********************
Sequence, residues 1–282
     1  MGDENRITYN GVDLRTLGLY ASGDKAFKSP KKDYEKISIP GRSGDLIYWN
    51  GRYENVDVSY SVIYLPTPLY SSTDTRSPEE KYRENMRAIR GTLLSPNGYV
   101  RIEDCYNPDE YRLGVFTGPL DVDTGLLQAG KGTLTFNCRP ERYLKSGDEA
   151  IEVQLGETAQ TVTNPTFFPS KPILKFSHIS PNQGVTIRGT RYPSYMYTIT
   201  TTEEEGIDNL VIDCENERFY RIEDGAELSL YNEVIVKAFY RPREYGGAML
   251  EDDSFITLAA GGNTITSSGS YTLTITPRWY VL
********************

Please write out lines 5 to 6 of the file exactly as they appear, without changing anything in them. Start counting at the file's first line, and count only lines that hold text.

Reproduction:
   151  IEVQLGETAQ TVTNPTFFPS KPILKFSHIS PNQGVTIRGT RYPSYMYTIT
   201  TTEEEGIDNL VIDCENERFY RIEDGAELSL YNEVIVKAFY RPREYGGAML